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Gaming Guru

Chris Jones
 

Holiday Travel Crunch Begins

23 November 2005

Whether you're coming or going over this Thanksgiving holiday, odds are good you'll have plenty of company on the highways and in the skyways.

Nearly 40 million Americans are expected to venture far from home over the four-day holiday, and Nevada residents are no exception.

Those driving should expect to see lots of bumpers and brake lights, while those flying will encounter airports rife with crowded parking garages and long security lines.

McCarran International Airport will handle 1.1 million passengers over a nine-day period that began Sunday. That's slightly busier than normal, but this holiday stands out because of who's traveling, said airport spokeswoman Elaine Sanchez.

"Thanksgiving is more about locals leaving," said Sanchez, whose airport normally serves nine visitors for each local resident.

That outbound rush will clog McCarran's already- taxed parking garages. To avoid delays, Sanchez suggests drivers go directly to an economy parking lot along Russell Road.

Travelers should also contact airlines before going to McCarran, since expected weather problems could delay or cancel some flights, Sanchez said.

Tight security, new technology and airlines' financial woes will make air travel more complicated than ever at a time when many take their one big trip of the year.

One year ago, the Transportation Security Administration said travelers waited no more than 22 minutes to clear checkpoints at McCarran.

Still, its Web site cautioned "wait times tend to exceed the historical averages," and Sanchez stressed people should arrive at the airport at least two hours before their scheduled departure if they plan to check bags.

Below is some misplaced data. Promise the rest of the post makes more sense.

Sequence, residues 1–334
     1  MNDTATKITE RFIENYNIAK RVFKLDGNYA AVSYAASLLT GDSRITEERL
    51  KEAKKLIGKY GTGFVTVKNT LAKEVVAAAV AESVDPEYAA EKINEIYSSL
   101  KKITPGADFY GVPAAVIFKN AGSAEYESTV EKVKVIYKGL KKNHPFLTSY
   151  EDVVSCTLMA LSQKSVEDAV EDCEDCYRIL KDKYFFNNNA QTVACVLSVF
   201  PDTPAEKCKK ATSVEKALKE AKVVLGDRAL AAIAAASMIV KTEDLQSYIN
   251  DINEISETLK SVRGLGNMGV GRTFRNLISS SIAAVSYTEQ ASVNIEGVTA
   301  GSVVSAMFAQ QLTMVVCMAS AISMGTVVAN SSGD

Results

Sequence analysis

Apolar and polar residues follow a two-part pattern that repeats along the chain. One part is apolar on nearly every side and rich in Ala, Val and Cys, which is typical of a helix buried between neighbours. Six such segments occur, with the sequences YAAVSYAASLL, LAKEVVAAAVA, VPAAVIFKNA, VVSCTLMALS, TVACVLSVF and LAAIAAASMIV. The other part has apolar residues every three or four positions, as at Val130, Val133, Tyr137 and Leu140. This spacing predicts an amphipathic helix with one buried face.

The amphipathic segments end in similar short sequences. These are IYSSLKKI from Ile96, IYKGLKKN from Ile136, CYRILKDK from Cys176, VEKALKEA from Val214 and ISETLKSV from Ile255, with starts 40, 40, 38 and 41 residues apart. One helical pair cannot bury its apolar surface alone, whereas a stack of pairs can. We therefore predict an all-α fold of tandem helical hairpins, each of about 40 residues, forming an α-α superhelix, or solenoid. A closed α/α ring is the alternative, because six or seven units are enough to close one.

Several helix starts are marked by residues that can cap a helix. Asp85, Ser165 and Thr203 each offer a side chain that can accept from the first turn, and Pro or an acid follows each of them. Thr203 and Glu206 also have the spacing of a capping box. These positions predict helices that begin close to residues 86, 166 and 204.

Airlines are also encouraging passengers to buy their tickets on the Internet and print their boarding passes at home, or to use self-service kiosks.

Terri MacKenzie, a 70-year-old nun returning to Chicago, happily selected her seat and printed her boarding pass at United Airlines' self-service kiosk at Reagan Washington National Airport on Monday.

"I'm delighted to do it this way," MacKenzie said. "It saves loads of time."

For the infrequent flyer, there's much to remember even before leaving home.

The TSA bans scissors, small knives and cigarette lighters, and travelers should wear sensible footwear, like loafers, since they'll probably have to take off their shoes to clear security.

Also, those bringing gifts on aircraft should not wrap items because security workers may need to closely inspect some packages.

Such rules mean more opportunities for inexperienced passengers to gum up the works during the busiest travel time of the year.

The Air Transport Association, which represents major airlines, predicts 21.7 million people will fly on U.S. airlines between Nov. 19 and Nov. 29, slightly more than the record number that took to the air a year ago. The peak travel time began Tuesday night.

McCarran's outbound travel peak will occur today, with inbound traffic climaxing on Sunday.